Vulnerability Types: 5 Types of Vulnerabilities You Need To Know

A vulnerability is any flaw or weakness within the technology system that cybercriminals can exploit to gain unauthorized access to a network, information assets and software applications.

For any organization today, there are plenty of vulnerabilities. Knowing where and how vulnerabilities can exist, you can start to get ahead of them. So, let’s look at the 5 most important types of vulnerabilities.

Brief overview: vulnerability management

A security vulnerability may exist by design — such as a coding or hardware design flaw built into the product and its updates. Or, a vulnerability may emerge from the way that the technology is deployed within a business process.

Considering the distributed, vast and data-driven nature of technology systems in an enterprise IT environment, many business organizations employ automated vulnerability management solutions to defend against cyber threats. The process typically involves:

  1. Vulnerability discovery
  2. Categorization and prioritization
  3. Resolution
  4. Reassessment and reporting.

For this article, we’ll focus on the first phase of the vulnerability assessment and management process — discover — by understanding different types of vulnerabilities that may exist within a business.

(Read our companion vulnerability management piece or understand the CVE.)

Most common types of vulnerabilities

So if a vulnerability is any flaw or weakness, that means there’s probably a lot of them in all of your digital and hardware systems. Knowing these 5 types will help you sort and prioritize them.

Type 1. Software vulnerability

This type of vulnerability refers to the flaw within the software products. Software vulnerabilities tend to occur due to:

A cybercriminal can exploit these vulnerabilities to install a malware payload or backdoor into the technology stack. The software may continue to function with logical correctness despite the vulnerability — allowing cybercriminals to remain under the radar after exploiting the vulnerability.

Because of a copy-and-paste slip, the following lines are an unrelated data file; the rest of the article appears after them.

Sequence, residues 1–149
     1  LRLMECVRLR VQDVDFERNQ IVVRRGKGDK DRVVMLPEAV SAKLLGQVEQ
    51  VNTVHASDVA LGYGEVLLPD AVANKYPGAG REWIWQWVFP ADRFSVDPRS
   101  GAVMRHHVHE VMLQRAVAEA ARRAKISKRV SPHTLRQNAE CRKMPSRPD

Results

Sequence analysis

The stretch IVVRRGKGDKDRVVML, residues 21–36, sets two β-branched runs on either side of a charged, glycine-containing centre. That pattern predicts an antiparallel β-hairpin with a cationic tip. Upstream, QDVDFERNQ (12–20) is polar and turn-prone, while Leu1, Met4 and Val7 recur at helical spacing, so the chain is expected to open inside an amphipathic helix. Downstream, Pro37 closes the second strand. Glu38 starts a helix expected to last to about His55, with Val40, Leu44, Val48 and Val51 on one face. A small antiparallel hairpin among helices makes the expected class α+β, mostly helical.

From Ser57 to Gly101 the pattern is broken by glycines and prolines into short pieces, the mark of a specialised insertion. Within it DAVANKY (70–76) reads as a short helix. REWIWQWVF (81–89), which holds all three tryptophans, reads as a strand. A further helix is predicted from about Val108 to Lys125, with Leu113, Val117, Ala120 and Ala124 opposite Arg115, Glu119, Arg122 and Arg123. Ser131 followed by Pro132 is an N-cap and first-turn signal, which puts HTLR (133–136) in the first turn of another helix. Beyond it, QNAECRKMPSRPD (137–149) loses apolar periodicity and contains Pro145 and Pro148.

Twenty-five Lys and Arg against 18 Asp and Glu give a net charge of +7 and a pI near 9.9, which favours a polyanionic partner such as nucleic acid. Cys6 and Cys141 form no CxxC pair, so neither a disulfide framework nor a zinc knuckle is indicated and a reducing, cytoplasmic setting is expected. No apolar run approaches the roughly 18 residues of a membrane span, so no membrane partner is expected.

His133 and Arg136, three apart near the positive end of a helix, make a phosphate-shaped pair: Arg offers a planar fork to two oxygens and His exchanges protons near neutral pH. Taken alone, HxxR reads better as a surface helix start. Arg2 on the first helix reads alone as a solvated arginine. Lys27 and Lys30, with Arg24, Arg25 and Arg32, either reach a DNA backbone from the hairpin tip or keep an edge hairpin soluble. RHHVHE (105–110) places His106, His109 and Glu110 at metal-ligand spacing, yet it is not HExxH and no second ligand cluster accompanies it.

Type 2. Network vulnerability

Network vulnerabilities can include any vulnerabilities within the software, hardware and processes that govern the flows of data workloads, user traffic and computing requests within the IT networks. Network vulnerabilities range from the hardware components in the physical layer and all the way up the stack to the application layer of the OSI model.

The extensive nature of the technologies that constitute an IT network makes it challenging to keep track of networking vulnerabilities: every hardware product, every software service is from a different vendor and is exposed to its own set of security risks.

Even when all device software and firmware are maintained and up to date, the network fabric may be vulnerable to unauthorized access due to misconfigured firewall and traffic routing.

Type 3. Configuration & process vulnerabilities

Misconfigurations can expose a system — even when the individual software and hardware products function without an exposed security vulnerability. The products may be configured with default administrative credentials, which may be already known to a cybercriminal. The default security settings may fail to encrypt sensitive data workloads automatically, which means that any leaked data is also vulnerable to: